As theaters begin to reopen around the Bay Area after long COVID closures, two notable shows have deep roots in what’s often called geek culture.
TheatreWorks Silicon Valley returns to the Mountain View Center for the Performing Arts with “Lizard Boy,” Justin Huertas’ indie folk-rock musical inspired heavily by superhero comics. Meanwhile, City Lights Theater of San Jose has just reopened with its long-deferred world premiere of “Coded,” Kirsten Brandt’s play about women video game developers weathering online harassment, threats and abuse.
“I grew up with comic book superheroes and Saturday morning cartoons, watching X-Men and Spider-Man and Power Rangers,” says “Lizard Boy” writer-composer-star Huertas. “I didn’t grow up a very religious person, but this kind of was that for me. I would just watch hero stories and learn how to be a better human. And then as I grew up, I started thinking about the fact that I didn’t really have Filipino people, brown people, people of color to look up to that were heroes. The heroes that I had on television growing up that loved and looked up to were all white.”
Reuniting the original cast, director and design team from its 2015 world premiere at Seattle Rep, “Lizard Boy” on Oct. 9 opens TheatreWorks’ much-delayed 51st season and its return to in-person theater. (The show is in previews Oct. 6-8, and will also be available for online streaming.)
Involving a mythology-infused hero’s journey and a dating app, “Lizard Boy” was Huertas’ first musical, which started as a commission from Seattle Rep’s late artistic director, Jerry Manning.
“When he found out that I was an actor who played cello, he wanted me to write myself a show. And there was no requirement for what that show should be,” Huertas recalls. “I thought, I want to cast myself as a superhero, because I’ve never had that before. It felt like an arbitrary decision at the time to give him a green lizard skin and make that part of his trauma and struggle. I truly didn’t know until maybe like a year into the process that I was writing about being brown in white spaces.”
City Lights was only in the second preview of its world premiere of Kirsten Brandt’s play “Coded” when all theaters had to shut down in March of last year, and now it’s “Coded” that finally reopened the theater in mid-September. With a playful structure that blurs the lines between virtual reality and the real world, the dark comedy is largely inspired by the “Gamergate” campaign of online harassment against women video game developers, gamers and media critics that began in 2014.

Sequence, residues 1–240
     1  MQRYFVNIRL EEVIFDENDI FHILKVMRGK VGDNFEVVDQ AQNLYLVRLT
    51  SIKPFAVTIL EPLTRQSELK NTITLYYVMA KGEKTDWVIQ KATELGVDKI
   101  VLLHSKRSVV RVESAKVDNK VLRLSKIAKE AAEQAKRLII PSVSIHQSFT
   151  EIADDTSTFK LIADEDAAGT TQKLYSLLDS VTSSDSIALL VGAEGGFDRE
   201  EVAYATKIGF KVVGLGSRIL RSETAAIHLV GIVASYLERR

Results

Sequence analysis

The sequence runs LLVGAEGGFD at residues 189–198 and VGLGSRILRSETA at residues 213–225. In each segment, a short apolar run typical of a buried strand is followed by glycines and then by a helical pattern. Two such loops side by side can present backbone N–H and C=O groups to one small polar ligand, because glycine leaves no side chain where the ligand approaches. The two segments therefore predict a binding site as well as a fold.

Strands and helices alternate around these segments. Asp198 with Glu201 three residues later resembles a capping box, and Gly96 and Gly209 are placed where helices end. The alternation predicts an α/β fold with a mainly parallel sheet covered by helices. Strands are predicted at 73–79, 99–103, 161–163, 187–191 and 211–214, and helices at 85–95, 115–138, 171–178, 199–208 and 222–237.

When City Lights executive artistic director Lisa Mallette approached her about commissioning a play, Brandt says, “My daughter at the time was doing a lot of gaming and said she wanted to go into game design. And she’d actually taken a class where she was the only girl in the class. And so I started doing some investigation into what kind of career path that is, and lo and behold, all of this stuff about what it means to be a woman in computer gaming came up. I had followed Gamergate a little bit, but I didn’t quite realize the extent.”
The process of writing the play involved a lot of research into game design, gaming and tech industry culture and harassment that women in the industry have received.
“I talked to a bunch of women designers. The first question one of them said to me was, ‘Are you afraid of doing this? I mean, aren’t you afraid of the backlash you’re going to get for writing a play about this?’ And I’m like, ‘Well, no. Are you saying you think I might get doxed or something?’ And they’re like, ‘You never know.’ But I haven’t personally gotten any nastygrams sent my way, and I’m thankful for that.”
As the play points out, making more room at the table doesn’t mean pushing anybody aside.
There is plenty of room for everybody,” Brandt says. “No one is trying to take anything away from anybody. I wrote a new line: ‘You can have your ‘Grand Theft Auto’ and all the bouncing boobies you want. We just want games for us, too.’”
Contact Sam Hurwitt at [email protected], and follow him at Twitter.com/shurwitt.
By Justin Huertas, presented by TheatreWorks Silicon Valley
When: Oct. 6-31
Where: Mountain View Center for the Performing Arts, 500 Castro St.
Tickets: $30-$100 ($25 for streaming); 650-463-1960, www.theatreworks.org
By Kirsten Brandt, presented by City Lights Theater Company
Through: Oct. 17
Where: City Lights Theater, 529 S. Second St., San Jose
Tickets: $25-$52; 408-295-4200, www.cltc.org